Complete C# String Hash Functions

Generate message digest with MD5, SHA1, SHA256, SHA384, and SHA512 hash algorithms by using System.Security.Cryptography library.

For a while I’ve been seeing my blog traffic and surprisingly there are some of you are landed here by searching about MD5 string hash in C#, specifically used for storing password. I wrote the first draft of that tutorial when I was still in college while learning C# as a student, so it’s really old tutorial.

As we know, MD5 isn’t recommended anymore because it is designed to be very fast and efficient. By using modern computers and techniques, it is possible to “brute force” the hash output, in order to retrieve the original input. Because of this, many security experts suggest not to use it for password hashing.

This suggestion isn’t limited to MD5 only, but also SHA1 and possibly other SHA* algorithms, too.

If you’re here to find the best practice to store password, try searching for slow hashes like bcrypt (I’ll write about that later).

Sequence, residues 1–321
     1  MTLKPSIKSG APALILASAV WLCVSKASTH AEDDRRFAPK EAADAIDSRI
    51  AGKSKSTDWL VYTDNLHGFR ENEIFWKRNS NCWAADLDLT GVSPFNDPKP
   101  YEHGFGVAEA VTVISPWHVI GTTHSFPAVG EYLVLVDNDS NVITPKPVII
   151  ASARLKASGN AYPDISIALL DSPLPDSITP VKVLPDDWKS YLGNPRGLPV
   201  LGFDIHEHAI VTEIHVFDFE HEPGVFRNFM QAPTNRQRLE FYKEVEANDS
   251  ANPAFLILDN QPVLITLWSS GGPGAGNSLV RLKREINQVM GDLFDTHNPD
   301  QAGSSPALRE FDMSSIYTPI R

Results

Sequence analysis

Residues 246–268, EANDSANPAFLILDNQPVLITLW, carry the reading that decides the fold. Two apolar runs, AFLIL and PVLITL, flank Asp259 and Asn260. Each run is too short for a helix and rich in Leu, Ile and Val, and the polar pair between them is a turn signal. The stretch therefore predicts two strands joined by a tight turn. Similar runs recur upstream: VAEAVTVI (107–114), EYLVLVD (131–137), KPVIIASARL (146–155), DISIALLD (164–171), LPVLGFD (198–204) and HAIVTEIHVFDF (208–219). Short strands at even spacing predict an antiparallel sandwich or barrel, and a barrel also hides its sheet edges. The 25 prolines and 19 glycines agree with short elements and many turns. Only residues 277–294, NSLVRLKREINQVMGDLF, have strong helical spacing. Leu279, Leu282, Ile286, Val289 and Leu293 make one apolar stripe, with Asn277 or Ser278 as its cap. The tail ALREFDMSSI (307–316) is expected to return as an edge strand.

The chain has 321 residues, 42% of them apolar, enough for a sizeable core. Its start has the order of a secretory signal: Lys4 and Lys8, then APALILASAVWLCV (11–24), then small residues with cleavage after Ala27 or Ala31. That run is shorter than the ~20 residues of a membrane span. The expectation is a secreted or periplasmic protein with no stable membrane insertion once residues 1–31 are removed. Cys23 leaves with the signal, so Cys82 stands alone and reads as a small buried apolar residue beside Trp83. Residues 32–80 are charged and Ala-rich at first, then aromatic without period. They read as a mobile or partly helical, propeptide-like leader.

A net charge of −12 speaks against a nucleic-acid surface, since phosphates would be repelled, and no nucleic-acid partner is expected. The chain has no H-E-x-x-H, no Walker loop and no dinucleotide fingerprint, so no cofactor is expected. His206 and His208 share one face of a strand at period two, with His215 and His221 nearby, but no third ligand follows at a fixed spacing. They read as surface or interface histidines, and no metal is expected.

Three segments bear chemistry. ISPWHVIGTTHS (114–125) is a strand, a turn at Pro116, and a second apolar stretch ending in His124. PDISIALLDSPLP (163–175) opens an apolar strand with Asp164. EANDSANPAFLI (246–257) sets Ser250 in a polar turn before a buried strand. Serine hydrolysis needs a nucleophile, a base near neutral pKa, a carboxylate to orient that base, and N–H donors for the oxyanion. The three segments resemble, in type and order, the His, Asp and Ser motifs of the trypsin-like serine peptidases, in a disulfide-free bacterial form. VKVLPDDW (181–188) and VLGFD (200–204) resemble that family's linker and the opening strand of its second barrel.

This time I’d like to show you how easy it is to generate SHA* (and MD5) string hash in C#. SHA* especially is widely being used to check content integrity.

You can still use SHA* to store password, nobody can’t stop you for that. But I suggest to only use it for non-critical business application or just for learning experience, for example school project. But make sure to use better hash algorithm if you’re building a widely-used commercial software.

Creating An Empty Console Application

Let’s start this tutorial by creating a new project. I’m going to use .NET Core for this, but you can also use any .NET Framework version 3.5 or more. Create a new folder and move to it. Let’s name it StringHasher.

mkdir StringHasher
cd StringHasher

Under this folder, let’s create a new console application.